The brightest ray of donor hope in 2009 was private giving to humanitarian assistance, which was "up U.S. $3.2 billion in 2009 compared with 2006, despite an 11 percent drop in reported government aid in 2009; private contributions increased by 50 percent since 2006, reaching 4.1 billion," according to IRIN, the UN news agency. According to the Development Initiatives’ 2010 Global Humanitarian Assistance report, private funding is the "rising star" in humanitarian aid. "NGO Médecins Sans Frontières received U.S. $845 million of private funding in 2009, making it equivalent to the fourth largest donor country."
We cannot help but wonder how long politicians on Capitol Hill will listen to the metaphoric middle finger-pointing before deciding that an ungrateful world need not receive further support, particularly given the United States’ dire economic situation. Last week the Senate Appropriations Committee approved $54.1 billion for FY2011 foreign assistance, otherwise known as Budget Account 150. Approved strictly on party lines, with the Republicans calling for dramatic reductions in Account 150 spending (on the order of $10 billion or more), the compromise budget is $2.6 billion below the White House request. The bill leaves just $8.2 billion for all global health spending--which is a $460 million increase over 2010 spending, but is a quarter billion dollars below the White House request.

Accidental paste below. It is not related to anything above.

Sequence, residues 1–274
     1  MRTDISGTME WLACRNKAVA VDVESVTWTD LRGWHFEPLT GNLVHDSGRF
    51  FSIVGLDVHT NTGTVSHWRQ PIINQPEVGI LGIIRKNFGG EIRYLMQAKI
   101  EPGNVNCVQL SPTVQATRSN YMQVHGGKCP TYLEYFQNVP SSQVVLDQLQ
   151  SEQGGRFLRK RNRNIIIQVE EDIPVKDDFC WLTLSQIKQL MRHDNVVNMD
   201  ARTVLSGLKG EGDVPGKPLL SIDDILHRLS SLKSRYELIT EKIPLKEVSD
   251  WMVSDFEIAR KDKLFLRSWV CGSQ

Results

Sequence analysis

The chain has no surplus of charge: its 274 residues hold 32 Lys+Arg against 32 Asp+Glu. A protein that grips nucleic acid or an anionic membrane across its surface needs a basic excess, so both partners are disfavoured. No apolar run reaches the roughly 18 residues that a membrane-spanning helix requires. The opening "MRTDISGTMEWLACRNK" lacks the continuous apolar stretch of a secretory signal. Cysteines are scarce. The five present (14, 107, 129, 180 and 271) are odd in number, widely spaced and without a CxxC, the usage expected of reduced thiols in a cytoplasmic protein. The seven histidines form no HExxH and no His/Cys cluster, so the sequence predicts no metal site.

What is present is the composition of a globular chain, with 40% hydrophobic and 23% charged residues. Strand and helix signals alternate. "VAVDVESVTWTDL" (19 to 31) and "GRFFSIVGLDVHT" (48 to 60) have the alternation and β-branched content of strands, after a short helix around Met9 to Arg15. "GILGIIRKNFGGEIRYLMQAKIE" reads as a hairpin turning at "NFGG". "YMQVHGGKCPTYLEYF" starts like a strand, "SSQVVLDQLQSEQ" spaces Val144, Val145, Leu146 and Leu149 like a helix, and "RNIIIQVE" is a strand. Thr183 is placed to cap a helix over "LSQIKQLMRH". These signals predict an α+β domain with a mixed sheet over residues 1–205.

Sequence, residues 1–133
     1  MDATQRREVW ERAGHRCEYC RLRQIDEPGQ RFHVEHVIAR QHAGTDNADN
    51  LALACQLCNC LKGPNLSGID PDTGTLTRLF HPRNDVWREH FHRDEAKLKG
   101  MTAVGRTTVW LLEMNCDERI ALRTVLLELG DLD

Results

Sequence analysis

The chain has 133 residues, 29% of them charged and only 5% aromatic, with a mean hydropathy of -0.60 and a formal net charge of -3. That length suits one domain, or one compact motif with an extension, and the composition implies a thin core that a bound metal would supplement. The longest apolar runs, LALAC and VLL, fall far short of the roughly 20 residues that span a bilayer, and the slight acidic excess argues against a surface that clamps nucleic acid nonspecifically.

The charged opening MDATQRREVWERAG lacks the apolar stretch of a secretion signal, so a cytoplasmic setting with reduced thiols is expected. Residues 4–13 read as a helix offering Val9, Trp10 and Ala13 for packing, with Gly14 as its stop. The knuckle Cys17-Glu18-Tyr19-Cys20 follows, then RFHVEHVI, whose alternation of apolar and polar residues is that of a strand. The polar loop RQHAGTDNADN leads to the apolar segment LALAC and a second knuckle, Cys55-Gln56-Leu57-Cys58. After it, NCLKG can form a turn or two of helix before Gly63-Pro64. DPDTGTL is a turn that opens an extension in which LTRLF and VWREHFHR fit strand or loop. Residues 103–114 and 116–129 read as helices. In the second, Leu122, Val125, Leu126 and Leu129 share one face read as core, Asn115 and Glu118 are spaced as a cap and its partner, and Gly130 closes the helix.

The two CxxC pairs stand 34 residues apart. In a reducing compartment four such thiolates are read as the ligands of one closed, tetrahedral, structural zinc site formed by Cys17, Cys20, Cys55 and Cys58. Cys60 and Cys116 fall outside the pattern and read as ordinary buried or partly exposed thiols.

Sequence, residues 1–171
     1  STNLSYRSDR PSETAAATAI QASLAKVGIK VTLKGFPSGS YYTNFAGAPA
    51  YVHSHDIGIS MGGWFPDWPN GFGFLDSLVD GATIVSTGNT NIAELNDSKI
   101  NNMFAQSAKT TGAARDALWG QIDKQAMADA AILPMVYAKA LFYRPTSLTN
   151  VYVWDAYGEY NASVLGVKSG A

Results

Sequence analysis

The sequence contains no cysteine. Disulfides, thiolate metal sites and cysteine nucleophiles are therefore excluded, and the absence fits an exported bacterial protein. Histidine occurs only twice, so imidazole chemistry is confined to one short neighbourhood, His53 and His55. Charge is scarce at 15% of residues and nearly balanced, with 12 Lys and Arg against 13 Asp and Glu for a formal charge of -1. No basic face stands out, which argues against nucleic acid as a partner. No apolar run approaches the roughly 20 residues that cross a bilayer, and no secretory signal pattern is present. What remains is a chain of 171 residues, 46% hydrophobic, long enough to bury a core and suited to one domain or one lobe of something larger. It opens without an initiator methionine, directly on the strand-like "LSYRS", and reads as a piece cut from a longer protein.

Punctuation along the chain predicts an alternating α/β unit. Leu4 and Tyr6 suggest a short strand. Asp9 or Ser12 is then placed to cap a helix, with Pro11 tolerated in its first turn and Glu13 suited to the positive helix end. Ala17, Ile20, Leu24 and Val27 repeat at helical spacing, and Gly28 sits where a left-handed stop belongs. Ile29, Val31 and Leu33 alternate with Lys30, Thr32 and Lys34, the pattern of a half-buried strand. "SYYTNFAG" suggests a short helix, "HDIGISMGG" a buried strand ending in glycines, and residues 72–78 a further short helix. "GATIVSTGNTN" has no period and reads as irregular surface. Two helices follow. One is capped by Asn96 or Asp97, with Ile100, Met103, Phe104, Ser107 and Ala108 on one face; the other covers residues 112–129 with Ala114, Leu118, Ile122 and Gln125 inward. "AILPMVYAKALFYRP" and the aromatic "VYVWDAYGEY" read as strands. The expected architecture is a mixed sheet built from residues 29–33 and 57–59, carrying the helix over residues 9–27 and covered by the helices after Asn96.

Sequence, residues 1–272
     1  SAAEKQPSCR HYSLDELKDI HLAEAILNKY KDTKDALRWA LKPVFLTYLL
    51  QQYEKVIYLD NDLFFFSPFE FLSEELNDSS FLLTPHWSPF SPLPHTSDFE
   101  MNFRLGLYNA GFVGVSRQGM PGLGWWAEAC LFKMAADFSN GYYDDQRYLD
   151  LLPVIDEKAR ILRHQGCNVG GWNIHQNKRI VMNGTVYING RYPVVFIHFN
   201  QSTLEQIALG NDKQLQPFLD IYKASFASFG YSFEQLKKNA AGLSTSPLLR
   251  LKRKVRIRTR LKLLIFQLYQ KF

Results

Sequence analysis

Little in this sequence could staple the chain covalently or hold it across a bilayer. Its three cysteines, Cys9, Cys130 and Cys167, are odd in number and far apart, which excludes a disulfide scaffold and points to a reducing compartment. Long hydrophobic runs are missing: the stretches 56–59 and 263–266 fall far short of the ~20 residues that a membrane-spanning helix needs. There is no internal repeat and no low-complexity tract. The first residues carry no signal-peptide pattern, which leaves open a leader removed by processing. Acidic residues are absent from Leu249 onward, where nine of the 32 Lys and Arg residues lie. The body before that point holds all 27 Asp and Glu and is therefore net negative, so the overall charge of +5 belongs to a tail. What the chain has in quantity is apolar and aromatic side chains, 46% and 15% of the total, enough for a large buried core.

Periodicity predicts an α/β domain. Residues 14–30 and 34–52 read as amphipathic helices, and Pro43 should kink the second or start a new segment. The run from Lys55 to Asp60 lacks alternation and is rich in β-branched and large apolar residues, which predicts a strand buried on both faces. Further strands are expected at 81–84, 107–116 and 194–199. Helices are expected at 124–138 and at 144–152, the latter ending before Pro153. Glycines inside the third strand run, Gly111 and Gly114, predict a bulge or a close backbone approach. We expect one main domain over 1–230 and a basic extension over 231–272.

The bill designates global health spending as follows:
- $641 million for child and maternal health;
- $645 million for family planning and reproductive health;
- $55 million in direct support to the UN Population Fund;
- $5.85 billion to HIV/AIDS (a $141 million increase over FY2010)
While the Obama administration has guaranteed its support for another five years, it’s not at all clear that once- enthusiastic Republicans will stay the course amid the highly polarized politics of Washington. Obama finds himself in a seemingly no-win situation: If he promises more money for HIV, the deficit-conscious Republicans will attack him as an irresponsible Big Spender. But if he fails to push his own party toward greater generosity, he risks losing the support of his left flank.